Replanting Effort Is Restoring Estuary’s Lost Dunes

Volunteers fortify sand dunes against storm surge and erosion with help from the New Hampshire Coastal Management Program.

Recently 78 adults and 132 K-12 students transplanted 15,000 plants to build up New Hampshire dunes that will eventually strengthen storm and flood protection for the Hampton-Seabrook estuary, which has lost 86 percent of its dunes since 1776. New Hampshire Sea Grant led the outreach and planting efforts with funding from the New Hampshire Coastal Management Program.

These dune grass plantings are needed to anchor the dunes, which have been worn away by storms, winds, waves, and the aftereffects of development. Sea Grant began the effort in 2015 with a high-profile dune grass garden at Hampton Beach State Park that raises local awareness and provides plants for volunteer dune-strengthening projects.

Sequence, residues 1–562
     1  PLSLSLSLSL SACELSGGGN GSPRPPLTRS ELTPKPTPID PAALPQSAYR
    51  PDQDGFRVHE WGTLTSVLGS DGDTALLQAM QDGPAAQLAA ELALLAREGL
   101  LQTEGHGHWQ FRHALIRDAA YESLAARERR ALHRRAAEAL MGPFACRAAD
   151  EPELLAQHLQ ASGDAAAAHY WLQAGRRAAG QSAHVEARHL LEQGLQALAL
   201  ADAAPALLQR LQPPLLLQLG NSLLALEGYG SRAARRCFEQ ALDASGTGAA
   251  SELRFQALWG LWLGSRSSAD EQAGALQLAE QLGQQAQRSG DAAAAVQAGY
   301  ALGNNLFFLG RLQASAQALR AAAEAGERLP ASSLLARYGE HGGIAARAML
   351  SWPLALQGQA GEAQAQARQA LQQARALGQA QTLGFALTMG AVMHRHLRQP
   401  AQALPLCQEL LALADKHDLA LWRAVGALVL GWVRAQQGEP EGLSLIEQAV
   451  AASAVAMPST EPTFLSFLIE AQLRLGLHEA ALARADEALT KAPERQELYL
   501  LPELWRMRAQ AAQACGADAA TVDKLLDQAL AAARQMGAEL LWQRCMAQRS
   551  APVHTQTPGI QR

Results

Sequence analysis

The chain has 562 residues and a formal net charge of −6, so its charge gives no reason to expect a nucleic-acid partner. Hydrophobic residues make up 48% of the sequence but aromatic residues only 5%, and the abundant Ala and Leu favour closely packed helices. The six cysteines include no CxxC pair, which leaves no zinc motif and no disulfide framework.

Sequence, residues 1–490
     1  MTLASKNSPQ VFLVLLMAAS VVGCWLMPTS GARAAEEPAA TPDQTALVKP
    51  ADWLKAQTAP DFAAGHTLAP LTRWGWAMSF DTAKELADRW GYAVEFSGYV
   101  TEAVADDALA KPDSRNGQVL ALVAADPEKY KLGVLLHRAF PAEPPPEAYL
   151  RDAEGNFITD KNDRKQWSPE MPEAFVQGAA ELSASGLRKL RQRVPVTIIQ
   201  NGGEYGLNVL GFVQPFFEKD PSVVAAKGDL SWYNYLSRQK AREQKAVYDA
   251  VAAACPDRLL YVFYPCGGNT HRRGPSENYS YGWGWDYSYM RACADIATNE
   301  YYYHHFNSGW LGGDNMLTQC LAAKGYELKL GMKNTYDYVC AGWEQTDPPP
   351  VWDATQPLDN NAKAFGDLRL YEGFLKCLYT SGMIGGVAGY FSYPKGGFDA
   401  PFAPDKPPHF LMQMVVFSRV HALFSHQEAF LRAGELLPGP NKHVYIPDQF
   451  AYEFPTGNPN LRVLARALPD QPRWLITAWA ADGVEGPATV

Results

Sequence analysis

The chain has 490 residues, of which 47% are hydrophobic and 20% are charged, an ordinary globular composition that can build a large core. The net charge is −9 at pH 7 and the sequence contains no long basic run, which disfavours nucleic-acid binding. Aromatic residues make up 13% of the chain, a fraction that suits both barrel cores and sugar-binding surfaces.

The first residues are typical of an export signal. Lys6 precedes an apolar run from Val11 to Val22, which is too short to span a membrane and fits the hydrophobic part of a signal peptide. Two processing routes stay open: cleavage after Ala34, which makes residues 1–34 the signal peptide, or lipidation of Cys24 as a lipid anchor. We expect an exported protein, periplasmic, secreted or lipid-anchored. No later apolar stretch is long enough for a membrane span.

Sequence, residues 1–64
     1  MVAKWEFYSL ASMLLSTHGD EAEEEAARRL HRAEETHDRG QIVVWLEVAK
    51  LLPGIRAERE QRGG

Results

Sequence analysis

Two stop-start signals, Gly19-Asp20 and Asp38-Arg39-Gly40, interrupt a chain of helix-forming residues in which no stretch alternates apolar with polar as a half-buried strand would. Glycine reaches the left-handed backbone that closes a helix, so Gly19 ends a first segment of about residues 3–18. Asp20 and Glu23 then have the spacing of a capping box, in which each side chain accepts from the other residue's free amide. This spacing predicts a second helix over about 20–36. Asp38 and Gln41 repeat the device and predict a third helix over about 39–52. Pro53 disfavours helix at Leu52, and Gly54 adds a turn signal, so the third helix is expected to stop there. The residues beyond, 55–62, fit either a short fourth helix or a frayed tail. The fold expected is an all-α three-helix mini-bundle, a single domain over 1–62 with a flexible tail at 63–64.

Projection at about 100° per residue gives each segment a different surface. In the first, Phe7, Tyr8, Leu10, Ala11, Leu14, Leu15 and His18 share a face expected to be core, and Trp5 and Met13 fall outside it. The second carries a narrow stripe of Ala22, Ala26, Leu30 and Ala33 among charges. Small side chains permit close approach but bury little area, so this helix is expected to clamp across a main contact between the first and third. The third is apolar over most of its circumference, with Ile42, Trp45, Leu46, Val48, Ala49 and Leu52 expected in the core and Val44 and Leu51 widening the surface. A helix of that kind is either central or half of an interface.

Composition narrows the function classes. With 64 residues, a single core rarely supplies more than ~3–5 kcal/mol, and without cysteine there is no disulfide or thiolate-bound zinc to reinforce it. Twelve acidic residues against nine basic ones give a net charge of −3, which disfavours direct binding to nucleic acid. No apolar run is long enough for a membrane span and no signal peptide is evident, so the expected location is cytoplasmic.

That awareness is growing. Through the Adopt-A-Spot program, the Hampton Conservation Commission planted dune grasses at Plaice Cove, a quiet beach flanked by a residential neighborhood. Recently the garden’s greenery was made available to private landowners, three of whom have used the plantings to strengthen their beachfront properties against storm-driven floods and erosion. Funding from the state coastal management program aided all the efforts described. (2019)

More Information: Dune restoration project

Partners: Hampton Conservation Commission, New Hampshire Coastal Management Program, New Hampshire Sea Grant Extension

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